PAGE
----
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How climate talks can be more successful

For more than two decades, mem­bers of the United Nations have sought to forge an agree­ment to reduce global greenhouse gas emissions. But so far, these inter­na­tional cli­mate nego­ti­a­tions have had lim­ited success.

What’s more, game the­o­ret­ical mod­eling of the nego­ti­a­tions sug­gests that there are fea­sible solu­tions to the problem. That is, there are com­mit­ments that the coun­tries participating in the nego­ti­a­tions could agree to that would accomplish the tar­geted global emis­sions reduc­tions. “So, if these solu­tions are there, the ques­tion is why nego­ti­a­tions have not yet reached them – why don’t we have an agreement,” said Ron Sandler, a pro­fessor of philosophy at North­eastern University who focuses on environmental ethics.

“We thought the problem might be not be with the poten­tial solu­tions that might or might not exist, but rather reaching them from where we are now,” added Rory Smead, an assis­tant pro­fessor of Phi­los­ophy at North­eastern and an expert in game theory.

In a paper released Sunday in the journal Nature Climate Change, Smead, Sandler, and their col­leagues, including North­eastern Assistant Pro­fessor John Basl, put forth a new mod­eling approach that exam­ines this very problem. The results sug­gest that side agreements, such as bilat­eral commit­ments between the US and China or those made in venues like the G8 and G20 sum­mits may be even more impor­tant than pre­vi­ously suspected.

Most cli­mate nego­ti­a­tion mod­eling studies have used social dilemma games such as the prisoner’s dilemma, in which the best inter­ests of the indi­vidual agent are not the same as those of the whole. But, as Smead said, “All coun­tries in a sense want to solve this problem—what they dis­agree on is how to go about solving it.”

So rather than using a social dilemma game, the research team used a bar­gaining nego­ti­a­tion model. Here’s how it works: Mul­tiple players must coor­di­nate on an agree­ment with the goal of cut­ting global greenhouse gas emissions by the tar­geted amount. While each agent would like to keep his own reduc­tions as low as pos­sible, he would prefer to increase his pro­posal if it means the group would be more likely to reach a con­sensus. “If push comes to shove, they’d prefer to do more,” Smead said.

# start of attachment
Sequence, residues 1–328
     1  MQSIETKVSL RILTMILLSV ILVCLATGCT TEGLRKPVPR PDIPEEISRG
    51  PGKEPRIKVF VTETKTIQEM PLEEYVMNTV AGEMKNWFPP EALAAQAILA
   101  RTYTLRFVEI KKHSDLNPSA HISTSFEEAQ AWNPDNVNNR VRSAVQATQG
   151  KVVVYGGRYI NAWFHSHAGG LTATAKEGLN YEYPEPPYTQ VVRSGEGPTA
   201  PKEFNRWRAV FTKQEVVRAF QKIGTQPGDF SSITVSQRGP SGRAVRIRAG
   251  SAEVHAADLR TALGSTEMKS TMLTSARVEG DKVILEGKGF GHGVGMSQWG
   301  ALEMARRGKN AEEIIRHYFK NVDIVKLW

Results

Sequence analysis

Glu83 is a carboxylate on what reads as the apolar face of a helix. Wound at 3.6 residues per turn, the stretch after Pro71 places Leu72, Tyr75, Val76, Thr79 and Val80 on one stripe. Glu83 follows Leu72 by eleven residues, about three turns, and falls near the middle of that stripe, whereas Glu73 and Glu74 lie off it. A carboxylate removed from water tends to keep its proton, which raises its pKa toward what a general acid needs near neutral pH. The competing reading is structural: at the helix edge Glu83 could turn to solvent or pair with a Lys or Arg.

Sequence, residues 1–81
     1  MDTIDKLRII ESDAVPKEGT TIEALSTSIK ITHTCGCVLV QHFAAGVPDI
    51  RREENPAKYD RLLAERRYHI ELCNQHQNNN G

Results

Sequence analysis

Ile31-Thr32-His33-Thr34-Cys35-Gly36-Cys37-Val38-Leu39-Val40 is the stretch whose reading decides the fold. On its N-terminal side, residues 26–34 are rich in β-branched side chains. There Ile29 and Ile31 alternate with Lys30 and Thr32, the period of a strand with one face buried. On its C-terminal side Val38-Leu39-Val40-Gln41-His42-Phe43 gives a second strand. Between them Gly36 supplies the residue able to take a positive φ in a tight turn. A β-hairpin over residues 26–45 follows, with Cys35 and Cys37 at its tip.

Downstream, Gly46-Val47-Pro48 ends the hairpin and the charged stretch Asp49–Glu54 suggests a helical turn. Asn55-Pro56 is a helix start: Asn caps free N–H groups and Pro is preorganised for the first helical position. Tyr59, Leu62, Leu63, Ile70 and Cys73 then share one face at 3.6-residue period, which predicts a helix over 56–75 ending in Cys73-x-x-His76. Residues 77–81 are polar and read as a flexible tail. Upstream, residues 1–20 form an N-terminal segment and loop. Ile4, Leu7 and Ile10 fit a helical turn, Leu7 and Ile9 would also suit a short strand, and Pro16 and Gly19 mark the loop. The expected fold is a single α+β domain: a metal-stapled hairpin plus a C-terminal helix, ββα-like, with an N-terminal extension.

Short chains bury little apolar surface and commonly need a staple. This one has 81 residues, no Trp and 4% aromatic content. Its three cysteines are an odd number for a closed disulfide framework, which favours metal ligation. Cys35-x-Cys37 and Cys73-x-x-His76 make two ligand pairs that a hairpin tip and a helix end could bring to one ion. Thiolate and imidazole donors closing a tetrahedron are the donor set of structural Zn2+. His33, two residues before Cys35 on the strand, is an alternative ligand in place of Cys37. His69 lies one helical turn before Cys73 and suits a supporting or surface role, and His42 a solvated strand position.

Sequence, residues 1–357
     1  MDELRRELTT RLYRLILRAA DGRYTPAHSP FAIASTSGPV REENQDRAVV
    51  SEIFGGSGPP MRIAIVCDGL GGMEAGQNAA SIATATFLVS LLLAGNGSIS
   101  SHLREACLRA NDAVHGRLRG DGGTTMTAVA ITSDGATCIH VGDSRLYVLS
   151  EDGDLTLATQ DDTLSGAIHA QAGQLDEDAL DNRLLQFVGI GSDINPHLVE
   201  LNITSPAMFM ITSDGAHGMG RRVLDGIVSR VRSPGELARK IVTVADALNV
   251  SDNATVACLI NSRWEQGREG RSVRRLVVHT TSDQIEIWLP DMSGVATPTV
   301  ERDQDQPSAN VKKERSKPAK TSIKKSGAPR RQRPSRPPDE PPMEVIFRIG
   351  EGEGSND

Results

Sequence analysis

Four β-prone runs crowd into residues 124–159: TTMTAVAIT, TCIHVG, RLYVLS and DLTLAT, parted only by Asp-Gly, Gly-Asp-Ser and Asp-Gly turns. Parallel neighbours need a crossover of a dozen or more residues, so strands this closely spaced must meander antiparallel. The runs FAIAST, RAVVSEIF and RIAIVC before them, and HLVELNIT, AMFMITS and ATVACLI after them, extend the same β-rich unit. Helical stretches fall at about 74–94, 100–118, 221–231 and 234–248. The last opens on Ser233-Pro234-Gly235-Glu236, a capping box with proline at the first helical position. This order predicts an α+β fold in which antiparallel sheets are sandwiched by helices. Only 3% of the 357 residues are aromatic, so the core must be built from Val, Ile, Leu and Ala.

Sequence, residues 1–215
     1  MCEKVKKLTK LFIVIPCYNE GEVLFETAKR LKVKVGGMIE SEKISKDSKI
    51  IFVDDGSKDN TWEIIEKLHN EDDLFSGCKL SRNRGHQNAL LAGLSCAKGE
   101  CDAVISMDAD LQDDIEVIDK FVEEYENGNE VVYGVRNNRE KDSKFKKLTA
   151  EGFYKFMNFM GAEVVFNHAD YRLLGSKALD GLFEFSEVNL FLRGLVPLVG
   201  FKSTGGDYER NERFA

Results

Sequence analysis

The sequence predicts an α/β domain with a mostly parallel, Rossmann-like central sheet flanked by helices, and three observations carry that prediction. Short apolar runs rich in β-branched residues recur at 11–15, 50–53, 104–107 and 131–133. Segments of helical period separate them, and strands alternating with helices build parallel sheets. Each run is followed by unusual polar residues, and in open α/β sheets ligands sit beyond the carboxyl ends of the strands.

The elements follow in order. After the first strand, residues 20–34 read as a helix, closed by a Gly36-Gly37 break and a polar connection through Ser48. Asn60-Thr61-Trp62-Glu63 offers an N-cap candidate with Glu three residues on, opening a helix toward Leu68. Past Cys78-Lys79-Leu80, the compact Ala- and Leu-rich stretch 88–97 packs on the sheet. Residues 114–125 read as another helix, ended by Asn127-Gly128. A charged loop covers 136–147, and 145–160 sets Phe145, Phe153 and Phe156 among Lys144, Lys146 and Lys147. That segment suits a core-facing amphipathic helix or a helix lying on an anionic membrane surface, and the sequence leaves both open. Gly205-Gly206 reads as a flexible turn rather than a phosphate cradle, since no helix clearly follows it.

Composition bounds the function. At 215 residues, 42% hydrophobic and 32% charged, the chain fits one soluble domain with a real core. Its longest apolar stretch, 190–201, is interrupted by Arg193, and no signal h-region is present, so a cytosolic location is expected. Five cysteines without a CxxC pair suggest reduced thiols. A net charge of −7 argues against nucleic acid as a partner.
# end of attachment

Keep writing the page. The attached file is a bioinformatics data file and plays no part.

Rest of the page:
The game starts with each player making an ini­tial pro­posal to reduce emis­sions by a cer­tain amount. Then the players see what their fellow par­tic­i­pants pro­posed to and read­just their own pro­posals. Repeating this sev­eral times will eventu­ally either lead to a break down in nego­ti­a­tions or an agree­ment that makes everyone happy.

It’s a simple model that doesn’t take into account such things as national pol­i­tics and enforce­ment sce­narios, but it has an impor­tant feature: It reveals poten­tial bar­riers to suc­cessful nego­ti­a­tions that might be hidden in more complex models.

The research team found that a few factors were extremely important in maintaining successful nego­ti­a­tions. In particular, agreements were more likely to be reached if the group was ­comprised of fewer agents rather than many; if the group consisted of a variety of small and large emitters; and if the perceived individual threat of not reaching an agreement was high.

“The results bare on a number of polit­ical ques­tions,” Sandler said. “For instance, while we ulti­mately need an agreement that includes reduc­tions from almost everyone, side agree­ments among smaller num­bers of participants don’t undermine—but may actu­ally promote—the U.N. process.”

Since smaller groups are more likely to reach con­sensus, the researchers said, it would be better for a sub­group of countries to come to a con­sensus on its own and then bring that single pro­posal to the larger group.

“It would be much better if the rest of the world could figure out a poten­tial agree­ment and then invite coun­tries such as China and the U.S. to the table,” Smead explained. If that smaller group’s offer is sufficient—that is, if it promises to reduce emis­sions by the proportional amount neces­sary to achieve the global goal—then it should be successful in the larger venue.

This sug­gests that efforts such as the G8 and G20 cli­mate sum­mits are actu­ally ben­e­fi­cial to the efforts of the United Nations Frame­work Con­ven­tion on Cli­mate Change, which is con­sid­ered the most impor­tant climate bargaining forum. Many have wor­ried that these smaller efforts weaken UNFCCC’s work, but the new research disputes that concern.

– By Angela Herring

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